Bergamot (Citrus bergamia)
It's convenient how the Latin names for most citrus notes start Citrus. Think of them as a good place to start learning binomial nomenclature.
Bergamot is a very common perfumery ingredient, and it's a note in an absurd number of both male and female fragrances. That's because it goes with just about everything. Not sure what to put at the top? Bergamot to the rescue!
You might be familiar with the odor from Earl Grey tea. You won't find bergamot at the store to eat, but the essence of the peel is used as a flavor. The scent won't overpower your blends, and will add a nice citrus note. I find it has a light floral aspect to it. Arctander describes its top notes as sweet and fresh, with an oily-herbaceous and slightly balsamic body. This is an exciting oil, and it won't cost you hundreds of dollars.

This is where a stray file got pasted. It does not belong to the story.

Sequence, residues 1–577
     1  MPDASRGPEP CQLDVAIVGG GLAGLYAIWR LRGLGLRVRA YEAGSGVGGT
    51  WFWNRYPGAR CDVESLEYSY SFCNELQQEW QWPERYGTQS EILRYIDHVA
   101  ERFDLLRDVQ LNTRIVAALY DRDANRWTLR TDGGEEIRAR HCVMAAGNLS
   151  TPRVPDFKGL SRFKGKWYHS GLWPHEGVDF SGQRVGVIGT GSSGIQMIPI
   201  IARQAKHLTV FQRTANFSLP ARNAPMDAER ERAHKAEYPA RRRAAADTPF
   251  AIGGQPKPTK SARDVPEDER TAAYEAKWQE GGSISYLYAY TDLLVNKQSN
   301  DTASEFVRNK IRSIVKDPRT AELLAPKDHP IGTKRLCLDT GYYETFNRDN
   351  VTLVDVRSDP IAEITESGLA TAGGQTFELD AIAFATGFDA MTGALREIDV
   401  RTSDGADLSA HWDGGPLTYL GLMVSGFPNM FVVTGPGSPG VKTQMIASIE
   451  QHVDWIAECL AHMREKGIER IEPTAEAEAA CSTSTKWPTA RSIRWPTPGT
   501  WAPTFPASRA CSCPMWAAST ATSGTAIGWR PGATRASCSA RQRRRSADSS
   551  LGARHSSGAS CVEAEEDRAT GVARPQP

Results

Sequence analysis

Like many citrus oils, the essential oil is produced via cold pressing of the peel. I have found a steam-distilled bergamot at Stillpoint Aromatics, but I haven't tried it myself. I'm mostly curious as to whether the steam distillation removes the photo-sensitizing elements of bergamot oil, like it does for lemon and lime. While I said in the first post that I wouldn't write about safety, bergamot oil is strong photo-sensitizer, and should be used with caution in leave on products. If you would like to use it in a leave on product, either dilute heavily or look into bergaptene free or FCF (furanocoumarin free) oils.
Fresh bergamot oil should be green or greenish-yellow. Bergamot doesn't get better with age, so unless you know you need a lot, start with small bottles so you know that you have a fresh oil.
Other oils with a bergamot note:
Bergamot Mint (Mentha citrata)
Bee Balm/Monarda/Wild Bergamot (Monarda Fistulosa)